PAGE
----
ALBERT NYANZA - Lake (nyanza) in central Africa; receives the Victoria Nile from Lake Victoria (Victoria Nyanza) and is the source of the Albert Nile; albern (ger) - silly, foolish.
anser - a genus of birds comprising the geese
unde gentium festines? (l) - from country are you hurrying? whence on earth are you hastening? + untie - to undo, unfasten (a cord, knot, etc.) + gemman - Vulgar pronunc. of gentleman + gemma - bud + fistnote - in Printing, matter of particular importance signalled by a symbol in the shape of a hand with the index finger extended.
nuance - a subtle quality, nicety + nice + VICTORIA NYANZA - Lake (nyanza) Victoria, in central Africa, the source (through the Albert Nynaza) of the White Nile.
to put (one's) hand on - to lay hands on; to get hold of, seize (also fig.)
song Tipperary: 'It's a long long way to Tipperary, It's a long way to go'
loon - a worthless person; a rogue, scamp; a boy, lad, youth
row - an array or set of persons (or things) of a certain kind
annals - a narrative of events written year by year, historical records generally + FDV: She says herself she never hardly knew who he was or what he did or when he crossed her. She was a young thin pale slip of a thing then & he was a heavy lurching Carraghman as strong as an oak the oaks down there used to be that time in [killing] Kildare that first fell across her. You're wrong there. You're all wrong. It was ages & miles before that in the county Wicklow, the garden of Erin, before she ever thought dreamt she'd end in the [barley fields &] pennylands of Humphreystown & she lie with a landleaper, well on the wane. Was it, was it? Are you sure? Where in Wicklow? Tell me where, the very first time! I will if you listen.
gravel - to confound, perplex, puzzle; to bury in gravel or sand, to overwhelm with gravel; to run (a ship) aground on the gravel or beach, mud, etc.
dynast - a hereditary ruler; a ruler, chief, lord + Thom's Directory of Ireland/Dublin, Dublin Annals section 1431: 'McMorogh, dynast of Leinster, makes an incursion into the English pale, and defeats the forces sent against him, but is finally defeated with great loss'.
wolf - a sexually aggressive male, a would be seducer of women + a wolf of the sea ~ Murchadh (murukhu) (gael) - Sea-warrior; patronymic of Diarmaid Mac Murchada, Leinster king who invited Anglo-Norman invasion.
jump (Slang) - fuck
give away - an inadvertent betrayal or revelation of oneself, of plans, the truth, etc.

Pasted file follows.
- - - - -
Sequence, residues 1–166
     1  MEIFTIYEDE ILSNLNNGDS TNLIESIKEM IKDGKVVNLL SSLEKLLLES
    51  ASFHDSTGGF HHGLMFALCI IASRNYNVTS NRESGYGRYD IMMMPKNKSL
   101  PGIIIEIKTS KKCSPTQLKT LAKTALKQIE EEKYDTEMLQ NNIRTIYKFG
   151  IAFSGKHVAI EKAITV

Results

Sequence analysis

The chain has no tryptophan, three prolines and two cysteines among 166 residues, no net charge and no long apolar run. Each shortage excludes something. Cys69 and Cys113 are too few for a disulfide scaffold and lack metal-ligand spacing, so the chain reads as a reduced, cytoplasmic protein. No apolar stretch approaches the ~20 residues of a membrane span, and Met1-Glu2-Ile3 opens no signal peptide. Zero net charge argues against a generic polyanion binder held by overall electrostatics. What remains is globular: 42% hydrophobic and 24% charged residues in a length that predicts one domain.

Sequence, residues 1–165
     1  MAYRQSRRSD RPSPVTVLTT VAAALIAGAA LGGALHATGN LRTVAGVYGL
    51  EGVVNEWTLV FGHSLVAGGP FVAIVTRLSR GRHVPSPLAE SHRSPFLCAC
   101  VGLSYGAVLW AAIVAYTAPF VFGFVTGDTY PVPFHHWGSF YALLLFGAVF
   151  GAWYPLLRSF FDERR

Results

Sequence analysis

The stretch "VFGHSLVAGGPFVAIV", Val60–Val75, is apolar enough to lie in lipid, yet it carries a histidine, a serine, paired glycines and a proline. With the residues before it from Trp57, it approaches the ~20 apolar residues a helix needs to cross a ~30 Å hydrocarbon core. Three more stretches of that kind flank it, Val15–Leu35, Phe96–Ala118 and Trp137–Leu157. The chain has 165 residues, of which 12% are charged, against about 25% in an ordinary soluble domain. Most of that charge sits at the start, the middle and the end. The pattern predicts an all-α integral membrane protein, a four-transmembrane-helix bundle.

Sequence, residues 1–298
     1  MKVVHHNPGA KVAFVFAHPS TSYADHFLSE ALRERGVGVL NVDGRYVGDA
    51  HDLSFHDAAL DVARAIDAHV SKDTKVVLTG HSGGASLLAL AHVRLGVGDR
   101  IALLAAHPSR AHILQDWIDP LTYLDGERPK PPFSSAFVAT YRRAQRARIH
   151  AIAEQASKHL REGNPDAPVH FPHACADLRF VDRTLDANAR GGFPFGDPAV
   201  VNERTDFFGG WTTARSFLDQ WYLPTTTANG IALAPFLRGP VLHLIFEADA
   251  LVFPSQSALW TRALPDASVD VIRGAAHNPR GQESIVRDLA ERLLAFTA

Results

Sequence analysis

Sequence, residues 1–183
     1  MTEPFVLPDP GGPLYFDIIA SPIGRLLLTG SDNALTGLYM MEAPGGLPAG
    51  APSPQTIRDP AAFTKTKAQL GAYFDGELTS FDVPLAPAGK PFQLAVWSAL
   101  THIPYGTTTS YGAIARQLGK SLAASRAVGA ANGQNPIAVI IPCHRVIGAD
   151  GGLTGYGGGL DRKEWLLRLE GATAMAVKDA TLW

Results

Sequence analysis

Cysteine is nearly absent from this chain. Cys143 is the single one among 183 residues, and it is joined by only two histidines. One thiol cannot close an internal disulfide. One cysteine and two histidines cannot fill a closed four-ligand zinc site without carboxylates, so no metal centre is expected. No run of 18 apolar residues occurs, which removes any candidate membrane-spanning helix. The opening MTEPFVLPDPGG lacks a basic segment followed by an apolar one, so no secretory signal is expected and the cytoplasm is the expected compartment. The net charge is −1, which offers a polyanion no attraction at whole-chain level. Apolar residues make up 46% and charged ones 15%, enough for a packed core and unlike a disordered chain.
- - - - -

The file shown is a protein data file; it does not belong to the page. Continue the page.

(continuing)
slip - a young and slender person, a long narrow strip of material
sauntering - strolling about; dawdling, trifling + Joyce's note: 'S'aunter (aventurer)' → Jespersen: The Growth and Structure of the English Language 103 (sec. 104): 'saunter, where the French reflective pronoun has become fixed as an inseparable element of the word, from s'auntrer, another form for s'aventurer 'to adventure oneself''.
silver moon light + silva (l) - forest.
trudge - to walk laboriously, wearily, or without spirit, but steadily and persistently; to perform (a journey) or travel over (a distance) by trudging [Joyce's note: 'dredge trudge'.
lurching - lurking, 'sneaking'
lie abroad - to lodge out of one's house or abode; to reside in a foreign country.
curragh - marshy waste ground; spec. the proper name of the level stretch of open ground in Co. Kildare, famous for its racecourse and military camp + Joyce's note: 'curragh' + churchman - a clergyman + currach (Anglo-Irish) = curach (Irish) - coracle, a small wickerwork boat.
to make hay while the sun shines - to lose no time, to seize or profit by opportunities.
oaktree - oak
peat - vegetable matter decomposed by water and partially carbonized by chemical change, often forming bogs or 'mosses' of large extent + peace
rustle - to act or move with great energy, to hustle, push one's way
dyke - a wall or fence; a raised causeway; dike + Joyce's note: 'dyke'
Forst (ger) - forest + Fell (ger) - skin, hide + fossefald (Danish) - waterfall + -foss (Norwegian) - (denotes waterfall) + First cascade created by fallen tree across the stream.
plash - the noise made when any body strikes the surface of water so as to break it up + (notebook 1924): 'plashed woods' ('shed' not clear).
neath - beneath + (notebook 1924): 'goes underground'.
nymphet - a young nymph, a sexually precocious girl
tiger's eye - a yellowish brown quartz with brilliant lustre, used as a gem + tigris (l) - tiger + Tigris - river in Mesopotamia.
wish (Dublin Slang) - vulva
anachronism - an error in computing time, or fixing dates; the erroneous reference of an event, circumstance, or custom to a wrong date + Acheron - "The stream of woe": a river in the Underworld.
nullah - a watercourse that is often dry; gully, ravine, river bed + nulla (l) - none